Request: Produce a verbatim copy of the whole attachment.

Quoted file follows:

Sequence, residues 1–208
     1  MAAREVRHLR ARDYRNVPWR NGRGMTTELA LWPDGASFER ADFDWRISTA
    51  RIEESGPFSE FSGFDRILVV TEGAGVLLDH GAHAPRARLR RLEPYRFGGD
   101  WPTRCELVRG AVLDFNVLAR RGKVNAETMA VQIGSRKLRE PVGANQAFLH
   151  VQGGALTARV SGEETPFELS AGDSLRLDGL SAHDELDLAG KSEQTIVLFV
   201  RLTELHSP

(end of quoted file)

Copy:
Sequence, residues 1–208
     1  MAAREVRHLR ARDYRNVPWR NGRGMTTELA LWPDGASFER ADFDWRISTA
    51  RIEESGPFSE FSGFDRILVV TEGAGVLLDH GAHAPRARLR RLEPYRFGGD
   101  WPTRCELVRG AVLDFNVLAR RGKVNAETMA VQIGSRKLRE PVGANQAFLH
   151  VQGGALTARV SGEETPFELS AGDSLRLDGL SAHDELDLAG KSEQTIVLFV
   201  RLTELHSP